Roll With It

by Miles Rost

The piano lid slammed down.


Such was Paul Picard’s day. Ever since he woke up in the morning, he was hitting one snag after another. The piano lid’s anger towards him finally drove Paul to break his streak of non-cursing. He waved his hands around like a maniac and cursed until he was blue in the face.

The door slammed, and a figure popped their head around the parlor’s doorframe.

“Dude! I can hear you from the other side of town!”

Paul looked at his  best friend, Mark Bieganek, as he lowered his voice to near nothing. He was still mouthing curses while waving his hands in anger and pain towards the piano.

“Yeah, I got it, Paul. But seriously, the pain’s not going to go away quickly no matter how much cursing you do.”

After another minute of trying to get the pain to go down, Paul swung his gaze straight towards Mark.

“If you knew the day I had, you’d probably be cursing, too. I have not done it for a year, and I know that I don’t have to do it, but there was no other option today.”

“Why do you say that?”

“Well, when I woke up, I reached for my alarm clock. The clock was too far away because my now ex-girlfriend moved it to the other side of the nightstand. So I ended up tumbling onto the floor with my face being planted into my smelly old sneakers, which I can say have now been sent to the recycling bin. Shall I go on?”

Mark looked at him, nodded his head, while mentally shaking it.

“Got to the shower, and lo and behold, it was all cold water, all the time! So I washed up and likely proceeded to get a cold starting tomorrow. But that’s not the worst of it.”

“Go on…”

“Next, I pick up the mail and there’s a letter from the IRS. It tells me that they think I haven’t been taking out the right deductions, so I’m going to get audited next week. They want 7 years of returns, and all of them are back at my dad’s place in Poughkeepsie. And it gets better!”

Mark waved his hands in front of his face and shook his head.

“Man, just hold up a bit. For just a moment, take a listen to yourself. What do you hear?”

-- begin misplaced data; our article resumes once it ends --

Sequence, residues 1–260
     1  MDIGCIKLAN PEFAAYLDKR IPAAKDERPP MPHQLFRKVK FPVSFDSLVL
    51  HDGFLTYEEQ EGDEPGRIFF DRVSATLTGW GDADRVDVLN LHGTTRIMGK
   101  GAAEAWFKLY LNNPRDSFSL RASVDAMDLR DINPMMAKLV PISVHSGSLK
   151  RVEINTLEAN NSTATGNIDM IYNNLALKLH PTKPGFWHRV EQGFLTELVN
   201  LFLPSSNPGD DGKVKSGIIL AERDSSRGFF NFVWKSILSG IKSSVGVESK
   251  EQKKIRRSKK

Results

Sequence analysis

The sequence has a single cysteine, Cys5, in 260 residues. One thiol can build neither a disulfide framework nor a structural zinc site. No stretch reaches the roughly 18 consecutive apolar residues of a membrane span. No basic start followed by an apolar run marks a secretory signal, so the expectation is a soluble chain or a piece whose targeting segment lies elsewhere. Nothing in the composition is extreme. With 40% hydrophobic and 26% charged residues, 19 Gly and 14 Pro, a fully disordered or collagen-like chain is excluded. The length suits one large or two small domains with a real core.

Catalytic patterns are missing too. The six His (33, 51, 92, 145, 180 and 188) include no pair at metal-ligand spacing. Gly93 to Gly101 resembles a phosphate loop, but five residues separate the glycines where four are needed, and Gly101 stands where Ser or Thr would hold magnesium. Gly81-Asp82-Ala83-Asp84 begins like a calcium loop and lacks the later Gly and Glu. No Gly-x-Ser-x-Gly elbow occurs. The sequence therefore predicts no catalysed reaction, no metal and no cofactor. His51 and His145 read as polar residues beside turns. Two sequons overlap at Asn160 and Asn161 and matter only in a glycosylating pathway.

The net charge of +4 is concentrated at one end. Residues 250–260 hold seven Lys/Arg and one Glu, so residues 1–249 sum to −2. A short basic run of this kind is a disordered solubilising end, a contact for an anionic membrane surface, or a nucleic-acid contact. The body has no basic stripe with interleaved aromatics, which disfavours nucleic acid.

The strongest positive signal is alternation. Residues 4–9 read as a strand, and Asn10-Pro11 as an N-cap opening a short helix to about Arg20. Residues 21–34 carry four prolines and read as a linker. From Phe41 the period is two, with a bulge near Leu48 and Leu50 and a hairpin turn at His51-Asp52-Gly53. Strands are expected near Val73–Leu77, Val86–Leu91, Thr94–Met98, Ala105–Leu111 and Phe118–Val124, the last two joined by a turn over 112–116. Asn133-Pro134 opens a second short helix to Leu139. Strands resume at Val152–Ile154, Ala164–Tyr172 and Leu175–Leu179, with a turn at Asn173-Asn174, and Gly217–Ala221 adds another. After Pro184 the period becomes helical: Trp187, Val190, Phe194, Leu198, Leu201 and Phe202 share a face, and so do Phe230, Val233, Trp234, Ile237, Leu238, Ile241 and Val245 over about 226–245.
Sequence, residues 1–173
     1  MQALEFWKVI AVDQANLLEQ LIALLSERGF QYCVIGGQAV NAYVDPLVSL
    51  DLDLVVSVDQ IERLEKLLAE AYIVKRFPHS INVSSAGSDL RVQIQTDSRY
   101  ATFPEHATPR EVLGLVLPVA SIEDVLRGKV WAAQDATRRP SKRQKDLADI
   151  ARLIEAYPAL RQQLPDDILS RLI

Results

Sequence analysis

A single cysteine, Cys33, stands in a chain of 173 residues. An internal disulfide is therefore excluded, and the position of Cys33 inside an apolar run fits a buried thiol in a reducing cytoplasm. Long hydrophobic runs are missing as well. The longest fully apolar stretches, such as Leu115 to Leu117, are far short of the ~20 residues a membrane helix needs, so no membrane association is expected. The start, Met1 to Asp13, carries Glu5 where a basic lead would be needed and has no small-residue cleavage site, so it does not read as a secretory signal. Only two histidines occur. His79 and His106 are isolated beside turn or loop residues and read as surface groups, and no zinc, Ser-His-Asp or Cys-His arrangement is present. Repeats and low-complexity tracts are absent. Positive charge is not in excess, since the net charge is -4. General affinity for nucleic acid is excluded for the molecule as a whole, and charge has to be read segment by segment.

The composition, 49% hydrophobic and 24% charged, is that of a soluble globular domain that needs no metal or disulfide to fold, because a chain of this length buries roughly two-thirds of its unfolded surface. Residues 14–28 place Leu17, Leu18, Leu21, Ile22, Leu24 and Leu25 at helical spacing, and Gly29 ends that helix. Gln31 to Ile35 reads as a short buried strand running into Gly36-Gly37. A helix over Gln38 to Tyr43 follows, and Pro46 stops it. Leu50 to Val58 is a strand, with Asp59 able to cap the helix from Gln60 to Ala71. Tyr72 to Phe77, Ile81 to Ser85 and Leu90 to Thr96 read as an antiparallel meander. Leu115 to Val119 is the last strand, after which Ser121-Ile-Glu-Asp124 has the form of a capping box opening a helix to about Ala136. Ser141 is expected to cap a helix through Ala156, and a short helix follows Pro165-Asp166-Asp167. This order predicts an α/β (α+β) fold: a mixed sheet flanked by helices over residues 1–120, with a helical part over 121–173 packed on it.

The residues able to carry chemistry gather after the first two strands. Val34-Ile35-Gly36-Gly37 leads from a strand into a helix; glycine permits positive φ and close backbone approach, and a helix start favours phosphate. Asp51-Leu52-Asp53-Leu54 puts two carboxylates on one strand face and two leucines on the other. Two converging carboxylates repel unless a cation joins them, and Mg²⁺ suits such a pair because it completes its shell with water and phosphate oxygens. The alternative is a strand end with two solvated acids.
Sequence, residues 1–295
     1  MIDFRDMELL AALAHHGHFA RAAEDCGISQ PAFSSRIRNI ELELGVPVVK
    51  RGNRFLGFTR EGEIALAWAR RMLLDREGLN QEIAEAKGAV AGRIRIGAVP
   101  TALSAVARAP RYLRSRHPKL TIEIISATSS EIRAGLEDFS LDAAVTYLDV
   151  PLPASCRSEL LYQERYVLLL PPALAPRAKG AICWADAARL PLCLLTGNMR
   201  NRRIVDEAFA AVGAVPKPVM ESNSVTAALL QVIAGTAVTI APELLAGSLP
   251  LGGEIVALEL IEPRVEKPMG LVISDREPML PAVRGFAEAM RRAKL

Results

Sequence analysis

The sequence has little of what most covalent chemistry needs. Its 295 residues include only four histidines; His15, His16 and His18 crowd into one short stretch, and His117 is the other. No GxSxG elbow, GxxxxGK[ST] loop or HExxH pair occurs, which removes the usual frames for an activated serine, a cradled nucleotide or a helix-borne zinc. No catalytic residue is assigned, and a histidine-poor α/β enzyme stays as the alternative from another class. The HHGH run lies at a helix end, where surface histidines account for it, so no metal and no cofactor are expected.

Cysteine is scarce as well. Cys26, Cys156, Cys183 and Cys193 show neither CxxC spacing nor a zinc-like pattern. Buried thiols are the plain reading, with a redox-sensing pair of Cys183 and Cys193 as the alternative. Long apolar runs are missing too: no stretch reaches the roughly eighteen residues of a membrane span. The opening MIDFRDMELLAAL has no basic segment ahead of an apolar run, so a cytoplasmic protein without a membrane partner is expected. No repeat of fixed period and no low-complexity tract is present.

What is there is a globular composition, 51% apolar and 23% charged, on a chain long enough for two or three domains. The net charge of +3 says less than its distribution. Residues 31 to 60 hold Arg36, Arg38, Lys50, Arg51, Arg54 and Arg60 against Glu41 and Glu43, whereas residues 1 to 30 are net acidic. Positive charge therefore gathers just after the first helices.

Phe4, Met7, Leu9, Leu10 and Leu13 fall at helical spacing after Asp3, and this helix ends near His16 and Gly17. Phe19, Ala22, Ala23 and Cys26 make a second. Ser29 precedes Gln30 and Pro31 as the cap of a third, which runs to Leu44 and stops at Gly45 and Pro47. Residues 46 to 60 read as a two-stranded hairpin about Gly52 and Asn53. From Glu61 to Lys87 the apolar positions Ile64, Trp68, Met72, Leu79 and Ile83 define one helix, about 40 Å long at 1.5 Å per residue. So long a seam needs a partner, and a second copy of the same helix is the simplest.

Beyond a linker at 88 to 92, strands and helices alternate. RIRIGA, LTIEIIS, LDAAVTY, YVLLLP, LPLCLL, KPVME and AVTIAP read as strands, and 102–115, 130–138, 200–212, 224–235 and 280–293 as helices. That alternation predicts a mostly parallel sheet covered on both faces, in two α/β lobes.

“I hear a man who is not happy with the way things are going today, and who just got his fingers injured by a piano that hates him severely.”

Mark smirked, as he bore his eyes deep into Paul’s.

“What I hear is someone who isn’t able to let go.”

Paul looked at him, and his eyes started to flare up.

“Paul, you need to remember that when life is too much, you gotta roll with it.

“Roll with it?”

“Yeah, if you just take what’s happened and look at it as not a slight against you, but more like a challenge to make your day much better, you’ll just end up rolling with the punches.”

Paul walked out of the parlor, still shaking his hand out. He walked across the hall and into the kitchen, opening the freezer.

“Seriously? You’re giving me advice about rolling with it? When I feel like the world is against me?”

Mark chuckled.

“Are you hearing yourself, Paul? You sound like someone who is whining! You need to shake off the pain and get back out into the world. You can do it, just roll with it, baby!

Paul blinked, staring at Mark like he was an alien.

“As much as I want to punch you right now, Mark, you are absolutely right.”

“Great! So what are you going to do?”

“I’m going to go upstairs, get a bandage on my hand, get something nice to wear, go outside, and punch someone!”

Mark was about to respond, when he froze. Paul’s words sank into his mind like melted butter, and his eyes got wide.

Paul walked over to him, and put his mouth next to his ear.


Mark firmly planted his palm into his face, realizing that he just got himself played by his best friend.

“I guess that means we’re going out to the bar, right?”

Paul bounded towards the stairs, and jumped upon the first step.

“We’re going to the Starboard on this day. I think it’ll be better once I get an irish in me.”

Friday Fictioneers: Memories

By Miles Rost




I remember the day very well.

I was standing at my post, looking out at the rest of the city. It was a warm day, and I sometimes cursed the fact I had to wear such an unappealing uniform on such days.

It was the day when I could do nothing. I stood as a young man drove across the bridge I was facing, and ran over a child.

I wanted to help, I pleaded in my head to help. But I was sworn to a duty to protect this place.

That was the first day when I started to hate my job.